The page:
Resident-to-resident elder mistreatment (R-REM); nursing homes; long term care; older people; elder abuse; staff education; staff training
ICU nurses are repeatedly exposed to work related stresses resulting in the development of psychological disorders including posttraumatic stress disorder and burnout syndrome. Resilience is a learnable multidimensional characteristic enabling one to thrive in the face of adversity. In a national survey, we sought to determine whether resilience was associated with healthier psychological profiles in intensive care unit nurses.
Surveys were mailed to 3500 randomly selected ICU nurses across the United States and included: demographic questions, the Posttraumatic Diagnostic Scale, Hospital Anxiety and Depression Scale, Maslach Burnout Inventory and the Connor-Davidson Resilience Scale.
Measurements and Main Results
Overall, 1239 of the mailed surveys were returned for a response rate of 35%, and complete data was available on a total of 744 nurses. Twenty-two percent of the intensive care unit nurses were categorized as being highly resilient. The presence of high resilience in these nurses was significantly associated with a lower prevalence of posttraumatic stress disorder, symptoms of anxiety or depression, and burnout syndrome (<0.001 for all comparisons). In independent multivariable analyses adjusting for five potential confounding variables, the presence of resilience was independently associated with a lower prevalence of posttraumatic stress disorder (p < 0.001), and a lower prevalence of burnout syndrome (p < 0.001).
The presence of psychological resilience was independently associated with a lower prevalence of posttraumatic stress disorder and burnout syndrome in intensive care unit nurses. Future research is needed to better understand coping mechanisms employed by highly resilient nurses and how they maintain a healthier psychological profile.
Resilience; posttraumatic stress disorder; burnout syndrome; ICU nurses
Ethnic minority adolescent women with a history of sexual or physical abuse and sexually transmitted infections represent a vulnerable population at risk for HIV. Community-based interventions for behavior modification and subsequent risk reduction have not been effective among these women.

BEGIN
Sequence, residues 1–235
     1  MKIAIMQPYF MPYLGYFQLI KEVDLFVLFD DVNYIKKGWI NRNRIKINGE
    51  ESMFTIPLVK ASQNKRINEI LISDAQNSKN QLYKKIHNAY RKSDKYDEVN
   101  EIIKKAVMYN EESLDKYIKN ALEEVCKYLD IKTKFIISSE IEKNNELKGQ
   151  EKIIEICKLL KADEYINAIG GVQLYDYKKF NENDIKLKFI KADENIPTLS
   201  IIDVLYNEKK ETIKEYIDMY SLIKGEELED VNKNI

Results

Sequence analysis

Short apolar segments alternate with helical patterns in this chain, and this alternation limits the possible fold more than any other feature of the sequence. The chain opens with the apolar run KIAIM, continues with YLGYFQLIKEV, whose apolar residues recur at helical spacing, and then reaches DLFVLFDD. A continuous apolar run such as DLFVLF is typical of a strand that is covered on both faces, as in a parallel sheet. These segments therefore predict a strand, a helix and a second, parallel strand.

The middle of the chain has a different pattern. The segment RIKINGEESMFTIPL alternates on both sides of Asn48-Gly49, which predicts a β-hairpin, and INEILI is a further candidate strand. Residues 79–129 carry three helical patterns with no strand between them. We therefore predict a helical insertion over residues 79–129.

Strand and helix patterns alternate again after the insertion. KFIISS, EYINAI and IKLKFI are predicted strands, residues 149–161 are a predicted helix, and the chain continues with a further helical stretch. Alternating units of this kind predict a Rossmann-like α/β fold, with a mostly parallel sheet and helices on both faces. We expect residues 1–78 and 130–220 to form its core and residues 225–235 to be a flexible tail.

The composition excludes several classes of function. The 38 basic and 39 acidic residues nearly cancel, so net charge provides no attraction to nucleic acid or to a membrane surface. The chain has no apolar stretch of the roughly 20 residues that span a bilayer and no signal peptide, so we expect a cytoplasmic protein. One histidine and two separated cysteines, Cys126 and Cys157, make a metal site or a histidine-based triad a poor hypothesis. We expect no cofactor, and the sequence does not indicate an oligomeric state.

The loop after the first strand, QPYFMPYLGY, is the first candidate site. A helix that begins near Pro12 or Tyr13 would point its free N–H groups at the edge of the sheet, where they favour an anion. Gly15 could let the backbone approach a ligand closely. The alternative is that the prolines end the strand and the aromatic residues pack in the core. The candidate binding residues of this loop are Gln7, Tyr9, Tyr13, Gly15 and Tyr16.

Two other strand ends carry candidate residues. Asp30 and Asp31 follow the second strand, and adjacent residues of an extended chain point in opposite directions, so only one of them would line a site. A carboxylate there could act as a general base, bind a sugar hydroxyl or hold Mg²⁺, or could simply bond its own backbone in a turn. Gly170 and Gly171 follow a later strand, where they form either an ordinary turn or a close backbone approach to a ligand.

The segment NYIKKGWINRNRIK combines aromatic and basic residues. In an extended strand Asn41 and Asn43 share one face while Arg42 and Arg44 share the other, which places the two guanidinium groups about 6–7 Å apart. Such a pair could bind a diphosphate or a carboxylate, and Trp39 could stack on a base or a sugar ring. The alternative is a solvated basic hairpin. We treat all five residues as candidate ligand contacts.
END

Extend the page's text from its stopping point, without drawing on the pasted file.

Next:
To evaluate the effects of a theory-based (AIDS Risk Reduction Model) cognitive behavioral intervention model versus enhanced counseling for abused ethnic minority adolescent women on infection with sexually transmitted infection at 6 and 12 months follow-up.
Controlled randomized trial with longitudinal follow-up
Southwestern United States, Metropolitan community-based clinic
Mexican-and-African American adolescent women aged 14-18 years with a history of abuse or sexually transmitted infection seeking sexual health care
Extensive preliminary study for intervention development was conducted including individual interviews, focus groups, secondary data analysis, pre-testing and feasibility testing for modification of an evidence-based intervention prior to testing in the randomized controlled trial. Following informed consents for participation in the trial, detailed interviews concerning demographics, abuse history, sexual risk behavior, sexual health and physical exams were obtained. Randomization into either control or intervention groups was conducted. Intervention participants received workshop, support group and individual counseling sessions. Control participants received abuse and enhanced clinical counseling. Follow-up including detailed interview and physical exam was conducted at 6 and 12 months following study entry to assess for infection. Intention to treat analysis was conducted to assess intervention effects using chi-square and multiple regression models.
409 Mexican-(n=342) and African-(n=67) American adolescent women with abuse and sexually transmitted infection histories were enrolled; 90% intervention group attendance; longitudinal follow-up at 6 (93%) and 12 (94%) months. Intervention (n=199) versus control (n=210) group participants experienced fewer infections at 0-6 (0% vs. 6.6%, p=0.001), 6-12 (3.6% vs. 7.8%, p=0.005, CI 95% lower-upper .001-.386) and 0-12 (4.8% vs. 13.2%, p=0.002, CI 95% lower-upper, .002-.531) month intervals.
A cognitive behavioral intervention specifically designed for ethnic minority adolescent women with a history of abuse and sexually transmitted infection was effective for prevention of infection. These results provide evidence for development of evidence-based interventions for sexually transmitted infection/HIV. Implications include translation to community-clinic-based settings for prevention of adverse outcomes regarding sexual health of adolescent women.
Adolescent; Randomized Controlled Trial; Sexual Risk Reduction; Cognitive Behavioral Intervention; Ethnicity
Sex, race, and age disparities in pain assessment and treatment have been reported in the literature. However, less is known about how these demographic characteristics influence nurses’ assessment of the emotional experiences of patients who are in pain.
To investigate the influence of patient demographic characteristics and facial expressions on nurses’ assessment of patient mood in the context of pain.